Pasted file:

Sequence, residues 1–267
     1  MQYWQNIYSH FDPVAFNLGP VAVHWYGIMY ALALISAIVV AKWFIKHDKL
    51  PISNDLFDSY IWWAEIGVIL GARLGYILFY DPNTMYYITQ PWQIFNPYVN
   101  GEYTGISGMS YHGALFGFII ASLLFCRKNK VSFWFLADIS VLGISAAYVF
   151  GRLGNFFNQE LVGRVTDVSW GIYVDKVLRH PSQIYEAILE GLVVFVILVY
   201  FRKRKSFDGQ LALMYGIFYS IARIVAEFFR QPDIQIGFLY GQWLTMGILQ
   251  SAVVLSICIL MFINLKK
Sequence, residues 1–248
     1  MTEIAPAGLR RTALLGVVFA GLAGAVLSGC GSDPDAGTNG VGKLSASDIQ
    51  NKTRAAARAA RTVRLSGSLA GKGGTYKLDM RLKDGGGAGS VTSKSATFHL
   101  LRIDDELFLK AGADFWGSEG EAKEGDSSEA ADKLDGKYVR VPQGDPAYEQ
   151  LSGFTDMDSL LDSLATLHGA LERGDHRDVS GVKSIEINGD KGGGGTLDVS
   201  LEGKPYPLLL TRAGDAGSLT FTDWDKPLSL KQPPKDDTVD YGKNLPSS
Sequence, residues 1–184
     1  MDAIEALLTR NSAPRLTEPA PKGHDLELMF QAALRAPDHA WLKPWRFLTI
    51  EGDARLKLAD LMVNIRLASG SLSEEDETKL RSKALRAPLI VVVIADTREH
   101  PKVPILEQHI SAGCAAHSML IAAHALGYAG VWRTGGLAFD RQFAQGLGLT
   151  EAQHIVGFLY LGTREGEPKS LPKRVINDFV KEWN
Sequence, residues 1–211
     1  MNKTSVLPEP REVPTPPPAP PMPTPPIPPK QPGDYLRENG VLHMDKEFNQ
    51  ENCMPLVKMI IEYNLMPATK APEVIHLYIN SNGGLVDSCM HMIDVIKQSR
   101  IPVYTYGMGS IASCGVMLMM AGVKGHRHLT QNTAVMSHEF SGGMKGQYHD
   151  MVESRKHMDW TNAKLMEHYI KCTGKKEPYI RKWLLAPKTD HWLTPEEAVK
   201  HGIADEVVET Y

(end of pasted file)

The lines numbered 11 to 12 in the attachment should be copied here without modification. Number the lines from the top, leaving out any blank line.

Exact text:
   101  LRIDDELFLK AGADFWGSEG EAKEGDSSEA ADKLDGKYVR VPQGDPAYEQ
   151  LSGFTDMDSL LDSLATLHGA LERGDHRDVS GVKSIEINGD KGGGGTLDVS